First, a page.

Airline Baggage Specifications
|Airline Baggage restrictions|
U.S. airline Carry-on Restrictions
|Airline||# pieces||Max dimensions(")||Max weight (lbs.)|
|American||1||45 linear inches||40|
|America West||1||45 linear inches||40|
|Continental||1||22" x 14" x 9"||40|
|Delta||1||22" x 14" x 9"||40|
|Northwest||1||22" x 14" x 9"||40|
|Southwest||1||22" x 14" x 9"||40|
|United||1||45 linear inches||40|
|US Airways||1||22" x 14" x 9"||40|
All sizes in inches. Linear inches = Length + Height + Width
We would generally recommend that your carry-on piece does not exceed the dimensions - 22" x 14" x 9" and does not exceed a weight of 40lbs
New Security Measure : No knives or cutting instruments of any kind are allowed on any carry-on baggage.
CHECKED BAGGAGE: Domestic U.S. flights generally allow 2 free checked baggage items. Some airlines will allow a third piece, but no carry-on piece may be taken. A good rule of thumb is that the first checked piece should not exceed a dimension of 62 linear inches and a weight of 50lbs. (Depending on the airline, smaller size and weight restrictions may apply to additional checked pieces. We recommend you check specifically with the airline)
*Most airlines will allow oversize, overweight, or additional baggage for an additional fee which varies depending on the situation. Please contact a particular airline or visit their website for further info.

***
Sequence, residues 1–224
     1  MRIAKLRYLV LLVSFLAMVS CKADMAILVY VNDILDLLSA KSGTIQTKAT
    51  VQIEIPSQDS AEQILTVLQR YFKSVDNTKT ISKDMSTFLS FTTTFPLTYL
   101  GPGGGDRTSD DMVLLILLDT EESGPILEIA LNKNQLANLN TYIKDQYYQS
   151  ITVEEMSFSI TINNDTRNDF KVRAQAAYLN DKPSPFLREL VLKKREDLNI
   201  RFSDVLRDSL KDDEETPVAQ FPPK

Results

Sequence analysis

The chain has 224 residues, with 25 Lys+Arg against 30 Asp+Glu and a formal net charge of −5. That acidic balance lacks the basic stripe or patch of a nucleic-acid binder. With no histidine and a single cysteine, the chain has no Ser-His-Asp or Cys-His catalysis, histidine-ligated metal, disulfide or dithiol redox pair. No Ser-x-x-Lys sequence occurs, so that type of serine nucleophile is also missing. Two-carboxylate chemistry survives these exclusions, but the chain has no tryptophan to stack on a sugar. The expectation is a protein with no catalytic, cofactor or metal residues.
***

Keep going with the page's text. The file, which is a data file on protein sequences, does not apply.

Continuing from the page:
International flights generally have the same size and weight allowances but may cut down on the # of pieces that can be checked. Allowance variations exist depending on the destination country. Check with a specific airline for more information.
Click Here To Request Hand Carry & Check On Case Information
|Airline Baggage Liabilities|
These are general guidelines which most airline carriers abide by.
When traveling via an Airline it is possible your luggage may be damaged in some way. In the past, generally speaking, airlines have paid for repairs to most types of damage to luggage. Today things are changing and airlines are becoming stricter in enforcing the policies regarding the types of damage they are responsible for.
New: Many airlines will not cover damage to wheels and outside handles (including the pull out handle systems found on most new suitcases today)
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